By David Brunnstrom and Karen Freifeld
WASHINGTON (Reuters) - U.S. President Donald Trump on Saturday denied any wrongdoing a day after reports that his onetime attorney Michael Cohen had recorded them both discussing buying the rights to a story by a woman who said she had an affair with Trump.
The president said in a tweet it was "perhaps illegal" for a lawyer to record a client. An attorney for Cohen called Trump's statement "false."
"Inconceivable that the government would break into a lawyer’s office (early in the morning) - almost unheard of," Trump tweeted, in an apparent reference to an FBI raid on Cohen in April.
"Even more inconceivable that a lawyer would tape a client - totally unheard of & perhaps illegal. The good news is that your favorite President did nothing wrong!" Trump added.
Trump lawyer Rudy Giuliani told Reuters on Friday Cohen recorded a conversation with Trump in September, two months before the 2016 election, in which they discussed buying the rights to a story by a former Playboy model, Karen McDougal, who said she had an affair with Trump.
On Saturday, Giuliani told Reuters the conversation was held at Trump’s office in Trump Tower and that Cohen used a hidden device to record the conversation. In New York state, it is legal to record a conversation if one party consents.
Giuliani said no campaign funding was involved in the discussion between Trump and Cohen, who has distanced himself from Trump in recent months as the FBI investigates Cohen's business dealings. If campaign funds were used, that could run afoul of federal election law, legal experts say.
In a tweet on Saturday, a lawyer for Cohen, Lanny Davis called Trump and Giuliani's strategy "flawed" and the president's Twitter statement against Cohen "false."
"Rudy claims the tape is 'exculpatory.' Why so angry?" Davis added.
Before the election, the Trump campaign denied any knowledge of payment to McDougal, but the taped conversation could undermine those denials.
The existence of the audio recording was first reported by the New York Times, which said Trump and Cohen discussed a potential payment to McDougal.
Giuliani said the conversation involved reimbursing the parent company of the National Enquirer tabloid for McDougal's story rights. The payment was never made, he said.
"It's pretty clear from the tape, it's the first time Trump is finding out ... AMI had bought the rights from McDougal," Giuliani said in a short interview on Saturday.
AMI, American Media Inc., is the parent company of the National Enquirer. Giuliani added that Cohen was speaking with Trump to tell him that information and Cohen recommended Trump buy the rights from AMI.
Giuliani had earlier denied Trump had an affair with McDougal. He said the tape would show that Trump makes clear that if there is going to be a payment, it should be done by check, which would be easily traced.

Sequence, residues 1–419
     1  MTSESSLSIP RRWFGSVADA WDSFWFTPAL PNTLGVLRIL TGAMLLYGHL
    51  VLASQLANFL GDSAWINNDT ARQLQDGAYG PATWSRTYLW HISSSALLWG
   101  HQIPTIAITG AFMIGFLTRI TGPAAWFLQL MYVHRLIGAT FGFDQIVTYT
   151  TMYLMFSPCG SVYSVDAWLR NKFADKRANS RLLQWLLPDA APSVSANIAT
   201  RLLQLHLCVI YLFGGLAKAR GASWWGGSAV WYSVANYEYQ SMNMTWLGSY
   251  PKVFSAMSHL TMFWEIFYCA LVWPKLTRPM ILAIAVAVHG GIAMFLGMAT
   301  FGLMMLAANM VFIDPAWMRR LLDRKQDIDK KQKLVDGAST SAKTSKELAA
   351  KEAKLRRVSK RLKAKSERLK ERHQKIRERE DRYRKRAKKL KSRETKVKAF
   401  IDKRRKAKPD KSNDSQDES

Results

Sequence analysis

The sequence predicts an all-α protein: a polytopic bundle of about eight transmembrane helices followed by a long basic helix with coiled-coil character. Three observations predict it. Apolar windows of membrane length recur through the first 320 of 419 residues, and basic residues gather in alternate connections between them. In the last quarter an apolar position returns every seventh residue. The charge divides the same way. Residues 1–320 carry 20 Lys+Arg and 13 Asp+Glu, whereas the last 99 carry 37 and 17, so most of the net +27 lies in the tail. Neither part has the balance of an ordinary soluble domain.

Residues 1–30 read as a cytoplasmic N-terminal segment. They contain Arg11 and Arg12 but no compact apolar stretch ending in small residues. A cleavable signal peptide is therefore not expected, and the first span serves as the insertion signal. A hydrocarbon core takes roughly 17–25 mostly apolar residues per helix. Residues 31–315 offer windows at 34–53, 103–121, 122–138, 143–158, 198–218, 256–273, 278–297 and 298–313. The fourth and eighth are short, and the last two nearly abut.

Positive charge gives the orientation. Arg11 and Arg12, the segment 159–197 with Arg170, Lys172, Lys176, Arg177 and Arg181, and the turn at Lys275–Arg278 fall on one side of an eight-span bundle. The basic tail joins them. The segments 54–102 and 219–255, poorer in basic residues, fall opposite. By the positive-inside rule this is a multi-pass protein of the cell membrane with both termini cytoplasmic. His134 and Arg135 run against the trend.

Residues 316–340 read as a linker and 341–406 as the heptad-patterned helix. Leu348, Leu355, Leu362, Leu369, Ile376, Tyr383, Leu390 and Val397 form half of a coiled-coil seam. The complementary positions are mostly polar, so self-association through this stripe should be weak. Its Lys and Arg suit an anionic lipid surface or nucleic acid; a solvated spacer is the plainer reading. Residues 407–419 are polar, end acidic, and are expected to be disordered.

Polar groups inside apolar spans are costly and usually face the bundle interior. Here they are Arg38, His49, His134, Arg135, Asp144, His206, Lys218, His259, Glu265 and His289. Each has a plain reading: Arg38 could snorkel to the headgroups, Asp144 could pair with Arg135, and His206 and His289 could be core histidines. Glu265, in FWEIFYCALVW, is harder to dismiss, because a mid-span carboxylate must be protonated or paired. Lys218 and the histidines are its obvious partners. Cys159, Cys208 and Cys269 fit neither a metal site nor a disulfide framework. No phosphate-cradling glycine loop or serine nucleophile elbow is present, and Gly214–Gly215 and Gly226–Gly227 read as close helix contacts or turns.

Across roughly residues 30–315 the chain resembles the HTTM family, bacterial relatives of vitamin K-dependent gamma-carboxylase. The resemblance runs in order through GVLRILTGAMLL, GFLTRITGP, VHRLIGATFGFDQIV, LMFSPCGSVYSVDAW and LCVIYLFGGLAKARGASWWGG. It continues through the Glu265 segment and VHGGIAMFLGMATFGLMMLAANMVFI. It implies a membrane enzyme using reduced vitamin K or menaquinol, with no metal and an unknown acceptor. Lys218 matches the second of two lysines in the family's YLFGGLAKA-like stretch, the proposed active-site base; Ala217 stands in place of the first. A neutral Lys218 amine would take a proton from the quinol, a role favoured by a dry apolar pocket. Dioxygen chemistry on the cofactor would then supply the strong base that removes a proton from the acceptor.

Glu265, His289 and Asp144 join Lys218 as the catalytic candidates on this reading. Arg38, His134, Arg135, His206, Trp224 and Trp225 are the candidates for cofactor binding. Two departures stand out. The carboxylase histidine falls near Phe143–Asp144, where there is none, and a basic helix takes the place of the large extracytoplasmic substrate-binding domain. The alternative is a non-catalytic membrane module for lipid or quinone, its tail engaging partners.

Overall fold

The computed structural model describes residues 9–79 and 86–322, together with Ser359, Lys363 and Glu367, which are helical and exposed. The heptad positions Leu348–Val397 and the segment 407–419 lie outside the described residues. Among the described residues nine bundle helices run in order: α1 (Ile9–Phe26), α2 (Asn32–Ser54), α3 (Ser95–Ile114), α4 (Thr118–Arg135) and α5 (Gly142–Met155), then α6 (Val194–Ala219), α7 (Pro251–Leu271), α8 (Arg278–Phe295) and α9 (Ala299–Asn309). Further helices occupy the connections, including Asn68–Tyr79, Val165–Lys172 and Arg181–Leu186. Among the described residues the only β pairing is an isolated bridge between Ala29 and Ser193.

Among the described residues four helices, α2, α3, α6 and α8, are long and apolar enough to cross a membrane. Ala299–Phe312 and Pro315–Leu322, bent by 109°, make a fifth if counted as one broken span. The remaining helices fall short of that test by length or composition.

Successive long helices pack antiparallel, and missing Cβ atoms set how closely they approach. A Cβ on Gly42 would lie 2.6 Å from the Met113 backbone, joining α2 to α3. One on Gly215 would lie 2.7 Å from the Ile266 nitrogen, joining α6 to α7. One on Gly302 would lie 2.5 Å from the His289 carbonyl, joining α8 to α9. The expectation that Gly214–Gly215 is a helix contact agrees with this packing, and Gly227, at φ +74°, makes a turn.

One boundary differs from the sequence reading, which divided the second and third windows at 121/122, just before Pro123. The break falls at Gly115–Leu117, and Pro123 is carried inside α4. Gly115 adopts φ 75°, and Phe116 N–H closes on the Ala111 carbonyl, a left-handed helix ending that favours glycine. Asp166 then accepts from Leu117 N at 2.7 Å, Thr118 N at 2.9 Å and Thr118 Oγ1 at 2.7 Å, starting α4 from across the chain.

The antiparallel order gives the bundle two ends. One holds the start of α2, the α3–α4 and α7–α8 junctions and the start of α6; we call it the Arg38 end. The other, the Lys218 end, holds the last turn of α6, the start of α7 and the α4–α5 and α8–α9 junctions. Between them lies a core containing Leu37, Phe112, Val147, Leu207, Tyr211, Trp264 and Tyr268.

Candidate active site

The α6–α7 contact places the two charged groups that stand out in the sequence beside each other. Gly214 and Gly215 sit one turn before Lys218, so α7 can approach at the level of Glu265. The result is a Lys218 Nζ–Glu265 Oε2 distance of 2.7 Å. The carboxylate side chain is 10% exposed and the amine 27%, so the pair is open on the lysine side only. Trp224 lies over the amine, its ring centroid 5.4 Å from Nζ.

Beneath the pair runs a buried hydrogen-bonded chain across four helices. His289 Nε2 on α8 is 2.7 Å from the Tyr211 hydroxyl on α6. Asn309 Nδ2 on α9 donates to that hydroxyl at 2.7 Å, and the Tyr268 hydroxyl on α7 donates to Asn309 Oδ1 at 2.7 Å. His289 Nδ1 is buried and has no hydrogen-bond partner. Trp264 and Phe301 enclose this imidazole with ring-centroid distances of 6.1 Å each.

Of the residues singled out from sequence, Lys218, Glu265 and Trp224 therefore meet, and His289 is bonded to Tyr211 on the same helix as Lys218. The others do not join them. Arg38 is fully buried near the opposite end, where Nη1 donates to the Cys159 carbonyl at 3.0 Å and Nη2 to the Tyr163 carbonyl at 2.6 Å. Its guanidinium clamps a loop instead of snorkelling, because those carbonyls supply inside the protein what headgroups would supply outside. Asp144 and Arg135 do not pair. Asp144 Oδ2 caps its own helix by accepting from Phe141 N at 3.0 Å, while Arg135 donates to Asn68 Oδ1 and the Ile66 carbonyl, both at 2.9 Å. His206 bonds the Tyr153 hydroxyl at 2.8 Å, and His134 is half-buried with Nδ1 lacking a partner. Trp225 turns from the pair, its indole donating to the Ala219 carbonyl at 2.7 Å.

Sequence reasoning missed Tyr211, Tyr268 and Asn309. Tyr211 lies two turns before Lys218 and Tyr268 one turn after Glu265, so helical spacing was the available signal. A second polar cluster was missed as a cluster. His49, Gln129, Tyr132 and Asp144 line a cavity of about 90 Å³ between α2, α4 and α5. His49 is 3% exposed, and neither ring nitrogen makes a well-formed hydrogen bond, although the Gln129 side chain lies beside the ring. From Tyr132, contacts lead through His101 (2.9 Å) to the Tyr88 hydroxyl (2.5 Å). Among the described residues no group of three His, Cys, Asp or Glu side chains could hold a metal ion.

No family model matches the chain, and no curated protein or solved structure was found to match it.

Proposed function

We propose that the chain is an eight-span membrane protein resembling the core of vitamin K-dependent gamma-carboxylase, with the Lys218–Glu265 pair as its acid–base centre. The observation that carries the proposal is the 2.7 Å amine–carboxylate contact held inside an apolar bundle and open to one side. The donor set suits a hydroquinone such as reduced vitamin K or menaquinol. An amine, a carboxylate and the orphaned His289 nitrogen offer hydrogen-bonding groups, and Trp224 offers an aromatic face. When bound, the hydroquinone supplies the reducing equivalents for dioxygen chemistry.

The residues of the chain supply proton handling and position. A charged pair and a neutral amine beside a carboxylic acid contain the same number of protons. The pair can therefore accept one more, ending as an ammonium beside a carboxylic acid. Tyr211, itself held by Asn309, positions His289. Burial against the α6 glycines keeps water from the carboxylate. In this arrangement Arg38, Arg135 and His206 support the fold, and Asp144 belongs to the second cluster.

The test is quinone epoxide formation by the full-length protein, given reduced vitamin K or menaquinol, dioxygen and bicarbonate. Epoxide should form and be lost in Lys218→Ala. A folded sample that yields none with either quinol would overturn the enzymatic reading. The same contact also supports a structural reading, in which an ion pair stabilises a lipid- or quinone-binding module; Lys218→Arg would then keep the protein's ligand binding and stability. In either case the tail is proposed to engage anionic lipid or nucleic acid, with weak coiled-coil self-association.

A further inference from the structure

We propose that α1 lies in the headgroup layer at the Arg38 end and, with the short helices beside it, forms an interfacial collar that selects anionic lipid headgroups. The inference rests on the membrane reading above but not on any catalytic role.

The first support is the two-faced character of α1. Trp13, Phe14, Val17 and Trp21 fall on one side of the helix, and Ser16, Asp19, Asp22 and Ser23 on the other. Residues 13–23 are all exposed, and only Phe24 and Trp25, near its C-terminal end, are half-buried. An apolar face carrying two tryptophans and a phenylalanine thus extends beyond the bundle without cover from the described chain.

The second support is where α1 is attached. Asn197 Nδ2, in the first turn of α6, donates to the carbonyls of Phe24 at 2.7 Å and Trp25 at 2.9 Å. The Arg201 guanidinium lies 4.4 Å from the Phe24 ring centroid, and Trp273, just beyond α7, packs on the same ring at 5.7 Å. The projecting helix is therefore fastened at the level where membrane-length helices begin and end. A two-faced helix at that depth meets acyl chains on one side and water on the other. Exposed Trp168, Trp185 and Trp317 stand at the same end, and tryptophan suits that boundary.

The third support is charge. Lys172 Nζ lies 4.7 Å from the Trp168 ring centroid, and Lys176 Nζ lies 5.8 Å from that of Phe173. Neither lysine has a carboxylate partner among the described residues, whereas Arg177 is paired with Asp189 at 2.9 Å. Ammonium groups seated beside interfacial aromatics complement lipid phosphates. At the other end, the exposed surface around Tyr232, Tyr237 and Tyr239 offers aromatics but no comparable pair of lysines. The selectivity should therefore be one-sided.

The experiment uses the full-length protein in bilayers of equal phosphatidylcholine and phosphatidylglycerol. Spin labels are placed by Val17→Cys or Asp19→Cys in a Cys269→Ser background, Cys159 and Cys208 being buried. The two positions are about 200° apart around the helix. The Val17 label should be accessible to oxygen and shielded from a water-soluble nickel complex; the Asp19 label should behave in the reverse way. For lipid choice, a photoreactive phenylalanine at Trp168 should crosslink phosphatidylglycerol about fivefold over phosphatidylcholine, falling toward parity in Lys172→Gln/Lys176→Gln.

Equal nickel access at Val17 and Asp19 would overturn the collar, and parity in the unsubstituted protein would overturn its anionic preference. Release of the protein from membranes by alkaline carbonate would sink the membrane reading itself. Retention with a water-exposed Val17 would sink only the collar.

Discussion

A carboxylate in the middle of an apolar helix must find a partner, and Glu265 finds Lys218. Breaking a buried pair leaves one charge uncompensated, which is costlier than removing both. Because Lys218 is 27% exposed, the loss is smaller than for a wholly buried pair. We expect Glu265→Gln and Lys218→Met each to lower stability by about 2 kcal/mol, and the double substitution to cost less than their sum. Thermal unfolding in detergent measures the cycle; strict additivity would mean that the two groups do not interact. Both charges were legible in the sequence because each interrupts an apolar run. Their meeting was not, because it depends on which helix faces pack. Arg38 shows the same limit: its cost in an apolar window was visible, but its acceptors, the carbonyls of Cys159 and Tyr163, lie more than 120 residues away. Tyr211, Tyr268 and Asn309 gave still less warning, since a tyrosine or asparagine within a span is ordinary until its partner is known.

Speaking on Friday, Giuliani said the FBI seized the recording this year during a raid on Cohen's office.
The FBI investigation stemmed in part from a referral by the U.S. special counsel's office, which is looking into possible coordination during the election campaign between Trump's aides and Russian officials. Moscow denies U.S. allegations that it interfered in the election and Trump denies any campaign ties to Russian officials.
A representative for McDougal has not responded to requests for comment. The White House had also declined comment.
McDougal has said she began a nearly year-long affair with Trump in 2006 shortly after his wife, Melania, gave birth.
She sold her story for $150,000 in August 2016 but it was never published by the National Enquirer, a practice known as "catch and kill" to prevent a potentially damaging story from becoming public. David Pecker, the chairman of parent company American Media Inc (AMI), is Trump's friend.
Giuliani said the discussion of payment did not mean McDougal’s claim of an affair was true and characterized it as an attempt to resolve false allegations that were "personally damaging" to Trump.
Under U.S. election law, presidential candidates must disclose campaign contributions, which are defined as things of value given to a campaign in order to influence an election.
Giuliani said the proposed payment was a personal matter and not subject to campaign finance law.
The New Yorker magazine reported in February that Trump had an affair with McDougal at the same time he had a relationship with porn star Stormy Daniels and that the National Enquirer prevented McDougal's story being made public.
The White House has said Trump denies having sex with Daniels.
Federal prosecutors in New York are investigating Cohen for possible bank and tax fraud, and for possible campaign law violations linked to a $130,000 payment to Daniels and other matters related to Trump's campaign, a person familiar with the investigation has told Reuters. Cohen has not been charged with any crime.
(Reporting by Andrew Heavens, David Brunnstrom and Karen Freifeld; additional reporting by Roberta Rampton; Editing by Nick Zieminski)